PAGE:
Not taking into account the large percentage of myopes among the deaf, we believe there are other cogent reasons why, if found practicable, the use of the sense of touch may become an important element in our eclectic system of teaching. We should reckon it of considerable importance if it were ascertained that a portion of the same work now performed by the eye could be accomplished equally as well through feeling, thereby relieving the eye of some of its onerous duties.

We see no good reason why such accomplishment may not be wrought. If, perchance, it were discovered that a certain portion could be performed in a more efficient manner, its value would thus be further enhanced.

In theory and practice, the teacher of language to the deaf, by whatever method, endeavors to present to the eye of the child as many completed sentences as are nominally addressed to the ear--having them "caught" by the eye and reproduced with as frequent recurrence as is ordinarily done by the child of normal faculties.

In our hasty review of the methods now in use we noted the inability to approximate this desirable process as a common difficulty. The facility now ordinarily attained in the manipulation of the type writer, and the speed said to have been reached by Professor Bell and a private pupil of his by the Dalgarno touch alphabet, when we consider the possibility of a less complex mechanism in the one case and a more systematic grouping of the alphabet in the other, would lead us to expect a more rapid means of communication than is ordinarily acquired by dactylology, speech (by the deaf), or writing. Then the ability to receive the communication rapidly by the sense of feeling will be far greater. No part of the body except the point of the tongue is as sensible to touch as the tips of the fingers and the palm of the hand. Tactile discrimination is so acute as to be able to interpret to the brain significant impressions produced in very rapid succession. Added to this advantage is the greater one of the absence of any more serious attendant physical or nervous strain than is present when the utterances of speech fall upon the tympanum of the ear.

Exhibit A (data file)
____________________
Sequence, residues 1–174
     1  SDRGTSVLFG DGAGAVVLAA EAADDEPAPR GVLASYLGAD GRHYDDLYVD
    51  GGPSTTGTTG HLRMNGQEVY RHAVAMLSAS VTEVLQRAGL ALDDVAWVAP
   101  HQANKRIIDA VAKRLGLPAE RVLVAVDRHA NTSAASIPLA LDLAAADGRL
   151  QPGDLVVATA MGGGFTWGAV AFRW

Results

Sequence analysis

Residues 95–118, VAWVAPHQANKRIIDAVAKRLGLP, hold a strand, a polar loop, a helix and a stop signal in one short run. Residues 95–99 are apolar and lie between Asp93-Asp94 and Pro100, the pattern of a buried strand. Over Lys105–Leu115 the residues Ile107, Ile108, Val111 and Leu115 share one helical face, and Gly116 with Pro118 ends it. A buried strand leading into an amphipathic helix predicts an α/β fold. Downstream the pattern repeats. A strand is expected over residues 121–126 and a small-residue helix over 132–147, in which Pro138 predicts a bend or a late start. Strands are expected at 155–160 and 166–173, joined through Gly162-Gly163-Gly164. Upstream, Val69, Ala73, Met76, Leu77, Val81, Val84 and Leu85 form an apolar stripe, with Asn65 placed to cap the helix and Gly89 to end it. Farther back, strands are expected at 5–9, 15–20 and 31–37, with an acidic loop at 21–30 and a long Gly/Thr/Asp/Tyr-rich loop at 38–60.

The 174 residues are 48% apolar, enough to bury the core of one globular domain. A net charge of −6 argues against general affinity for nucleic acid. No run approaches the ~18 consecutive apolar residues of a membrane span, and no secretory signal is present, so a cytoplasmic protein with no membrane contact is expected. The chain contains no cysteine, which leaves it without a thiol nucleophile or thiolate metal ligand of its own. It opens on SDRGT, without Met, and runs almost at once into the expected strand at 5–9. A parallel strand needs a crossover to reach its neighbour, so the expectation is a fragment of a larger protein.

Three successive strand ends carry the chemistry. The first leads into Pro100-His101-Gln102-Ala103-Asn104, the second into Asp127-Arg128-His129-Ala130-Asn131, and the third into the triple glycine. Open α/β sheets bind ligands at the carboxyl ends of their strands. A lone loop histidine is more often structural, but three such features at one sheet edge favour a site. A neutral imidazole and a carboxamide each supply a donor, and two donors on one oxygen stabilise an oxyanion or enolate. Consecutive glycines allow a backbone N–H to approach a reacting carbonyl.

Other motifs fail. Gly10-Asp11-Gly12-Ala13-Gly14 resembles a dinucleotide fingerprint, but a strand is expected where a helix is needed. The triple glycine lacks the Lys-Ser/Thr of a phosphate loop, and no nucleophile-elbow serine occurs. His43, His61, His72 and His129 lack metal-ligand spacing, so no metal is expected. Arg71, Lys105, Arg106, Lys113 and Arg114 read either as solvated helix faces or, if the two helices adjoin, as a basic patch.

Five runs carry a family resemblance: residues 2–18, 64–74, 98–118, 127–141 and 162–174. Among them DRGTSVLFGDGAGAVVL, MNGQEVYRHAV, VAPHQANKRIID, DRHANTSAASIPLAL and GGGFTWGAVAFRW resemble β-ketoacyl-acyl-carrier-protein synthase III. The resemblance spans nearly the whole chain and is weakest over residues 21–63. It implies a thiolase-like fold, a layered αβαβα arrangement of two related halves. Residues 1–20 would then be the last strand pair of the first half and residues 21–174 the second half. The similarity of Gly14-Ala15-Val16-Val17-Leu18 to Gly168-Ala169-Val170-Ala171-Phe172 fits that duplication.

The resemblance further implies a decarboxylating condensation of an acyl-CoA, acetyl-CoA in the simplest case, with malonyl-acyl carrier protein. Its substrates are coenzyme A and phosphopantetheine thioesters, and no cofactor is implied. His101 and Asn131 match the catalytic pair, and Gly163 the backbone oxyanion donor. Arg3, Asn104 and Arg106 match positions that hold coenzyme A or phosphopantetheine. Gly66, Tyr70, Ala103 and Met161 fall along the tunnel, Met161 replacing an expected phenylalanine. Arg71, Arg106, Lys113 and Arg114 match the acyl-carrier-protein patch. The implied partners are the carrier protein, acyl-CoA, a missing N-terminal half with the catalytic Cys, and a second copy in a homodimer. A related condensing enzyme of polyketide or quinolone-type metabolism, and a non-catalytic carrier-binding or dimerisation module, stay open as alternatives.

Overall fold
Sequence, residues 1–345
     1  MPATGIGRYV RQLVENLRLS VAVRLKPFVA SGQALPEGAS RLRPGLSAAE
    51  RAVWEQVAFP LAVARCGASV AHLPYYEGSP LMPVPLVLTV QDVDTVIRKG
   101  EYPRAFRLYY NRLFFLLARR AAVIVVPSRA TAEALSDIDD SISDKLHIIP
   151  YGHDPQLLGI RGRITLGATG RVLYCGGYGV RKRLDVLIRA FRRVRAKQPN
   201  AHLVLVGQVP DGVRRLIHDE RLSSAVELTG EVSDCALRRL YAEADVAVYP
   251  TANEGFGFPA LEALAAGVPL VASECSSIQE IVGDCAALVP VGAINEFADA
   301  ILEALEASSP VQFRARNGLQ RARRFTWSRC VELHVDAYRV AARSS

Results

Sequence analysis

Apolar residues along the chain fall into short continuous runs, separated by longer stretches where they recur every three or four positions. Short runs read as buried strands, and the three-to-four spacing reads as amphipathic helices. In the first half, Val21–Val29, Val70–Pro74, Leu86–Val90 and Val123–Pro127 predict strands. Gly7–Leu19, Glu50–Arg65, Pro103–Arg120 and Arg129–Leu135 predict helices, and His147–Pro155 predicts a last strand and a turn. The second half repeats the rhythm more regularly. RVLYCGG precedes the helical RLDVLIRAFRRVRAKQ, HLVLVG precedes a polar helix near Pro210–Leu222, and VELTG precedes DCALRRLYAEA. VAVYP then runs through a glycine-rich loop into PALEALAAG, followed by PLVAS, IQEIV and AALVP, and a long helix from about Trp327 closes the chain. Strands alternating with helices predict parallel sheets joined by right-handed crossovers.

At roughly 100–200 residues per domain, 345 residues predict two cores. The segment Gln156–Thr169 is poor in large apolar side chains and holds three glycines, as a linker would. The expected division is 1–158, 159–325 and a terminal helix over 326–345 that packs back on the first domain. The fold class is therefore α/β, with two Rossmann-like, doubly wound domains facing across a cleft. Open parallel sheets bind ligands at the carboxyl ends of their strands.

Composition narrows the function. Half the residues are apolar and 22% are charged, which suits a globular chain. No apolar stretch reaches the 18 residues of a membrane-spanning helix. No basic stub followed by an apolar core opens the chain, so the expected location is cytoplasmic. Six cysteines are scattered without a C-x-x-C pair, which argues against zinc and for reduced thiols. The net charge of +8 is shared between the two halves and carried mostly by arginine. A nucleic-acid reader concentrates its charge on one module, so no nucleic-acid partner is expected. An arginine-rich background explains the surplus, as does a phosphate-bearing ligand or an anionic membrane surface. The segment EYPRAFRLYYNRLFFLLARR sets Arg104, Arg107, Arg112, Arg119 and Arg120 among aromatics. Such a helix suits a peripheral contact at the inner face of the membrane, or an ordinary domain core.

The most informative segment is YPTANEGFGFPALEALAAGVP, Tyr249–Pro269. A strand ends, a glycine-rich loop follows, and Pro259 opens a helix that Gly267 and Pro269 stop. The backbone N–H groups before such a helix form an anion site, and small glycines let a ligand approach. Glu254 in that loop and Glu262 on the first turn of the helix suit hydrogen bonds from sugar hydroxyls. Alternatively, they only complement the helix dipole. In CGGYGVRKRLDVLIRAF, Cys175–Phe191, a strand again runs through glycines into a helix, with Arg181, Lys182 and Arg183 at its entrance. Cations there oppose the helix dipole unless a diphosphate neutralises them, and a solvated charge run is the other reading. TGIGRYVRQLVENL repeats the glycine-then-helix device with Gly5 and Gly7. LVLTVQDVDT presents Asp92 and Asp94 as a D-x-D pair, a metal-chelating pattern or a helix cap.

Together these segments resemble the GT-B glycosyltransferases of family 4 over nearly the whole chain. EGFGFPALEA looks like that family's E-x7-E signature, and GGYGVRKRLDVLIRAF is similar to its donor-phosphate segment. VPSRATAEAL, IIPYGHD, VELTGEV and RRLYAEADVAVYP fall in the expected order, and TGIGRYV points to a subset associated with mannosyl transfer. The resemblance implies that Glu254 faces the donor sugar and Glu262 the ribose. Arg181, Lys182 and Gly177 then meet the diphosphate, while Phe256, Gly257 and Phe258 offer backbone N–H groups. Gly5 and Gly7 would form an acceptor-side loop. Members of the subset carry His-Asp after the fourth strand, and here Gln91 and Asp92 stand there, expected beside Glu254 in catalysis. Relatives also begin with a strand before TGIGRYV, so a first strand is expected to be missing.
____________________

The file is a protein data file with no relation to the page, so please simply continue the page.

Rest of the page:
To sum up, then, the advantages of the device we find--

First. A more rapid means of communication with the deaf by syntactic language, admitting of a greater amount of practice similar to that received through the ear by normal children.

Second. Ability to receive this rapid communication for a longer duration and without ocular strain.

Third. Perfect freedom of the eye to watch the expression on the countenance of the sender.

Fourth. In articulation and speech-reading instruction, the power to assist a class without distracting the attention of the eye from the vocal organs of the teacher.

Fifth. Freedom of the right hand of the pupil to make instantaneous reproduction in writing of the matter being received through the sense of feeling, thereby opening the way for a valuable class exercise.

Sixth. The possible mental stimulus that accompanies the mastery of a new language, and the consequent ability to receive known ideas through a new medium.

Seventh. A fresh variety of class exercises made possible.

The writer firmly believes in the good that exists in all methods that are, or are to be; in the interdependence rather than the independence of all methods; and in all school-room appliances tending to supplement or expedite the labors of the teacher, whether they are made of materials delved from the earth or snatched from the clouds.

S. TEFFT WALKER,

Superintendent of the Kansas Institution, Olathe, Kans.